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Homestead files consist of unbound documents that include final certificates, applications with land descriptions, affidavits showing proof of citizenship, register and receiver receipts, notices and final proofs, and testimonies of witnesses.
These documents are part of the Records of the Bureau of Land Management (formerly known as the General Land Office), Record Group (RG) 49.
At Fold3, the land records are arranged by state; then by township, range, section; and ultimately by owner’s last name, with the certificate number in parentheses. This is different in some cases from land records archived or microfilmed by the National Archives, where the records may be filed by land office, type of entry (homestead), and then final certificate number.
These records cover the period 1863 to 1908. Beginning 1 July, 1908 the General Land Office (GLO) began to file all patents serially as they were issued. Homesteads after this date are interfiled in serial order with all patents issued nationwide by the GLO and are not part of this database.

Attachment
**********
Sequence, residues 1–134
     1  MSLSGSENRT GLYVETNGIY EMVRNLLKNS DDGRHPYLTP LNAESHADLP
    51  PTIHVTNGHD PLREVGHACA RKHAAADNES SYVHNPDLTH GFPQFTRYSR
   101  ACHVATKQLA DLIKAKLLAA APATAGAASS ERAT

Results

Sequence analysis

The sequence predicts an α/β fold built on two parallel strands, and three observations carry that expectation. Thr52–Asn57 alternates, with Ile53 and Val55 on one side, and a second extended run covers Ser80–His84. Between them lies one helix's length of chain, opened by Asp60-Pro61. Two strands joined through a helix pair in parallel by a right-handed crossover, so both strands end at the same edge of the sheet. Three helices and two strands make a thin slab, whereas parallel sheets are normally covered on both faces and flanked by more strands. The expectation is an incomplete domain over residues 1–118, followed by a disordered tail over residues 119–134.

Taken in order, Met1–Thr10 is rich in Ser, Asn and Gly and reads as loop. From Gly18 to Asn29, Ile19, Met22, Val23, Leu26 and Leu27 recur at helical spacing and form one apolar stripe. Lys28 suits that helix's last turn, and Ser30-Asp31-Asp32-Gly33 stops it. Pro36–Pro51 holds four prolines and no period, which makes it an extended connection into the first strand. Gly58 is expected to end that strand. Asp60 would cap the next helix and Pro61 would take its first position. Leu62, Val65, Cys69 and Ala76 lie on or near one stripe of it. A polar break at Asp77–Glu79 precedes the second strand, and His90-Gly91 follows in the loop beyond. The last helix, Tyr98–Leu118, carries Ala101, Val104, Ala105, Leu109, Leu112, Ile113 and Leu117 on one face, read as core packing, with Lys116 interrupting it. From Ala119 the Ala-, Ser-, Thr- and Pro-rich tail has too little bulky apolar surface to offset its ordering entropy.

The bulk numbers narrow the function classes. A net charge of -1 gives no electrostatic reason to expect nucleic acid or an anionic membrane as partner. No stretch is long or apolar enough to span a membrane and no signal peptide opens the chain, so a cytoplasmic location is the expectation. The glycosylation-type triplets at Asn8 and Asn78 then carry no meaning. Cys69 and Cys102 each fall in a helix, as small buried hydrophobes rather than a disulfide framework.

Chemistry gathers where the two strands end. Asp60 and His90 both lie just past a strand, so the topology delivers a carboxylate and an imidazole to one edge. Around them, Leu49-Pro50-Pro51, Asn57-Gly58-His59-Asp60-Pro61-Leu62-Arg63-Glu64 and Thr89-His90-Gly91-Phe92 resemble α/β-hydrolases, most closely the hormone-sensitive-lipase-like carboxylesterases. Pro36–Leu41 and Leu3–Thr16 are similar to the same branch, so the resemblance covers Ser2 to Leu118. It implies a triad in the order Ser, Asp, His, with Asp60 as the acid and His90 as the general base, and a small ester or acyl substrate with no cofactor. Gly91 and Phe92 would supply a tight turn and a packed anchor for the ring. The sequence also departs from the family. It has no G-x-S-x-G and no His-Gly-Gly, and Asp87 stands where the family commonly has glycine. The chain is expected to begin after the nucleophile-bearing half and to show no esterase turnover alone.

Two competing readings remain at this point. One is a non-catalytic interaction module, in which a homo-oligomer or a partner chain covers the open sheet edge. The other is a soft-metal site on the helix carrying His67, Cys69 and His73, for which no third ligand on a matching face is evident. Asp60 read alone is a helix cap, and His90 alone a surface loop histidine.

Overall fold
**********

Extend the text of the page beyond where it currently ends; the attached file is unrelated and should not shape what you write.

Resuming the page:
When a man or woman, commonly called an entryman, wished to receive a free tract of public land as a homestead, the entryman went into the nearest district land office and completed an application for a specific tract. Then began a period of time in which to fulfill the requirements of the particular homestead act under which he or she was filing. Two General Land Office (GLO) officials worked at the land office: the register maintained the tract books and documents from the entryman, and the receiver accepted the fee payments and issued receipts. At the end of the required period of residence and tract improvement, the claimant returned to the land office to file final papers. The GLO officials stood ready to receive and help him finalize his proof papers, the papers with which the claimant provided affidavit (under penalty of law if he told untruth) that he had fulfilled the requirements, thereby "proving" up his claim.
The final papers, approved by the register, were forwarded to the General Land Office in Washington, DC, where official review would accord a final "stamp of approval" for the granting of the patent. The patent is the transfer of title of land from the government to a private entity; in this case, a private individual. Land is patented only once. Subsequent transactions are recorded by the county courthouse deeds officer.